A one-room 18th-century dwelling and tannery become a home, which may have a ghost

To Norristown Garden Club members, the German Christmas carol  “O Tannenbaum,” an ode to the fir tree, was the obvious theme for the oldest location on its 2016 holiday house tour.

In the late 18th century, the property, then a one-room dwelling in Perkiomen Bridge (now Collegeville), was owned by John Jacob Schrack, a German immigrant who operated a tannery next door.

In the tanning process, Schrack would have soaked animal skins in tannin made from fir, hemlock or beech bark. The hides were then washed with water from the tannery well.

“The smell must have been awful,” says Bridgie Daller, who with husband Walt has owned the property since 1975. (During the tour, only the fragrance of fresh evergreens greeted guests, and in keeping with the tannery theme, garden club members fashioned leather flowers as ornaments for the Christmas tree.) 

Over the years, the Dallers' home has expanded. In the 1830s came first- and second-floor additions with a porch. Installed later were a powder room downstairs and a bathroom upstairs. When they purchased the house, Bridgie says, they renovated the kitchen and “scraped and painted everything and refinished floors.”

In 2003, the couple put in central air conditioning, a great room downstairs,  and a master bath and bedroom with a deck upstairs. They remodeled the kitchen again and added a swimming pool and a three-car garage.

Today, the house is warm and bright and filled with traditional furniture. The original room is now the dining room, furnished with Windsor chairs and a farm table. An enormous copper tub adorns the stucco-and-brick fireplace.

The library, which features built-in shelves, offers seating in the form of two red-and-white gingham wing-back chairs and red cushions on the window seats  — a festive look especially at Christmas. 

Walls throughout the house are white with blue-gray or blond wood trim and molding.

In the kitchen, redone only 13 years ago, distressed blond wood cabinets and hardwood counters complement furnishings acquired from antique shops and auctions. Open shelves below the ceiling display Walt’s collection of agate tinware.  He also collects old kitchen utensils and tools, ceramic crocks, and toy banks.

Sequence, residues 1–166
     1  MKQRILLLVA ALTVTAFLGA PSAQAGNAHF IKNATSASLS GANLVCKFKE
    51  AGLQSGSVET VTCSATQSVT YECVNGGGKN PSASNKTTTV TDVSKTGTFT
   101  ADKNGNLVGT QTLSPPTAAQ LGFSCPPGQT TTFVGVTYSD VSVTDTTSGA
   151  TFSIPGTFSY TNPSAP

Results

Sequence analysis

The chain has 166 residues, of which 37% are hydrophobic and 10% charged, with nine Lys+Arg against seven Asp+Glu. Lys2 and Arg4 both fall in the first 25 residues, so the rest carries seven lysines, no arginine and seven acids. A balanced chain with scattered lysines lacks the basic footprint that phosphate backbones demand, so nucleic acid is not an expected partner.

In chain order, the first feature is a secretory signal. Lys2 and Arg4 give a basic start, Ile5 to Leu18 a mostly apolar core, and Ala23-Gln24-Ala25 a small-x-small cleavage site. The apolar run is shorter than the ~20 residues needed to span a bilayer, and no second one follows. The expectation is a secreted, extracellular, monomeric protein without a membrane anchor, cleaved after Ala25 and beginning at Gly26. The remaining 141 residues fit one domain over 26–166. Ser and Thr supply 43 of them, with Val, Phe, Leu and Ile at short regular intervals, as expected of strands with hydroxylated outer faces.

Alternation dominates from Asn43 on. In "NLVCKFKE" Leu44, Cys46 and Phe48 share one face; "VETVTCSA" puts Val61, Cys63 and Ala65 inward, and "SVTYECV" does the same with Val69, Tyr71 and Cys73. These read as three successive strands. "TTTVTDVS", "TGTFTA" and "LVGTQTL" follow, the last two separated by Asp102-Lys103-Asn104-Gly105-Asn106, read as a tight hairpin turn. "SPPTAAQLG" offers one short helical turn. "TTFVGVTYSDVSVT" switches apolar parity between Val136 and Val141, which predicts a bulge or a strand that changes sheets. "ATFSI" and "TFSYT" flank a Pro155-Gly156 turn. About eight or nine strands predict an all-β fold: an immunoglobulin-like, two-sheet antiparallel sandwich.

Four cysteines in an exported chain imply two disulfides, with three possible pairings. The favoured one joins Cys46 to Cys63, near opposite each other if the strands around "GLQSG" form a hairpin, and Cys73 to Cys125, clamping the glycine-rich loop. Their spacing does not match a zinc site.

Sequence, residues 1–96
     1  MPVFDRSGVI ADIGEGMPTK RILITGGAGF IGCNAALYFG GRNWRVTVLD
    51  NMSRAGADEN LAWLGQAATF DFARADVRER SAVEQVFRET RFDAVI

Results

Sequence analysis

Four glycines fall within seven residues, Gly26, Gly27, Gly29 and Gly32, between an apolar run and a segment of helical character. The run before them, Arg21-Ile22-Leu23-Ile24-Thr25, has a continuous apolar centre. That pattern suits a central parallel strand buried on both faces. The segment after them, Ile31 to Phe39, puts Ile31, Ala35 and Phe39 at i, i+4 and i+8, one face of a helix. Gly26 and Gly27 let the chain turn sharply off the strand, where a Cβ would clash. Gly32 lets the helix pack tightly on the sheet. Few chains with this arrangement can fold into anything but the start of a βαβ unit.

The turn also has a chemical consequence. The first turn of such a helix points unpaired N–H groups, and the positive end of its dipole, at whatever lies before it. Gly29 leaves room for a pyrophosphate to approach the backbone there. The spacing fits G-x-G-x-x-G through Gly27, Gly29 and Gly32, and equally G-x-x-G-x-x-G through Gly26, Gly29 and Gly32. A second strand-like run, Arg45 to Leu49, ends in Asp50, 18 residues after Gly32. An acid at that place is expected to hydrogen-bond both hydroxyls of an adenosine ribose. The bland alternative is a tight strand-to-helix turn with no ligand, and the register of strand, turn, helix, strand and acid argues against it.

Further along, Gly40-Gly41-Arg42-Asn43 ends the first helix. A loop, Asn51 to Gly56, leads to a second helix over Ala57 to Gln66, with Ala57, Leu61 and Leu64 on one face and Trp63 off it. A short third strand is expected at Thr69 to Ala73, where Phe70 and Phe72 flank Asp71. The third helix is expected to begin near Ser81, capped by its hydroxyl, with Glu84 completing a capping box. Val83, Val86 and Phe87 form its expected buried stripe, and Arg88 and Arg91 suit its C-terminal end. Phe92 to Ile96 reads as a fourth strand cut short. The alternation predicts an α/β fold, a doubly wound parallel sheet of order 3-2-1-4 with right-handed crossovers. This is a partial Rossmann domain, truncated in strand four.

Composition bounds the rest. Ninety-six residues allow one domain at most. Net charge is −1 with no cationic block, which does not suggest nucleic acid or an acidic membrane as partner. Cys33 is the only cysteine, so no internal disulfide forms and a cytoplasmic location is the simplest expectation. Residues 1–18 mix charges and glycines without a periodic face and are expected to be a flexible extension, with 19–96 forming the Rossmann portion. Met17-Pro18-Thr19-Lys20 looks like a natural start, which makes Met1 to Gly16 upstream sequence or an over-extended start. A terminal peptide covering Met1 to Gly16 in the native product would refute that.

The banks line a shelf in the former tannery. “Now it’s my man-cave,” says Walt, 74, who before retiring was president of Harleysville National Bank.  

Antlers and animal heads hanging from the rafters there are not tannery byproducts but hunting trophies from family vacations in Potter County.  The Dallers have three children, nine grandchildren, and four great-grandchildren.

Bridgie, 72, a retired pediatric nurse practitioner, has framed needlepoint, stitched by her mother, herself and others. She collects quilts and treasures one made by a sister-in-law from photos of Parkesburg. A large watercolor of the Chester County borough was a gift to Walt from Bridgie.

The couple were high school sweethearts in Parkesburg, where they grew up. They married while Walt was still attending Lafayette College in Easton, later moving to Montgomery County when Walt became bank branch manager of Harleysville National in Limerick.

By the time they purchased the three-bedroom house in Collegeville, they had three children: Susan, then 4; Greg, 12; and Walter, 14  who took over the dormer in the third-floor attic. 

“I wanted an old house. I love history. This house looked like it had been haunted,” says Bridgie.

In fact, neighbors told the Dallers, people reported seeing the ghost of Mary Schrack searching for her husband, who had drowned in a canal while picking up supplies for the tannery.

The Dallers have never seen Mary, but Bridgie says the ghost could be to blame for lost items and mysteriously moved furniture.

Scattered on the 5-acre property are several hemlock and fir trees and one tall old beech. One wonders: Are they descendants of the trees whose bark was used in the tannery?

A budding dogwood by the library door remains bedecked with red leather bows left over from the holiday tour. The birds like the bright color, Bridgie says.   

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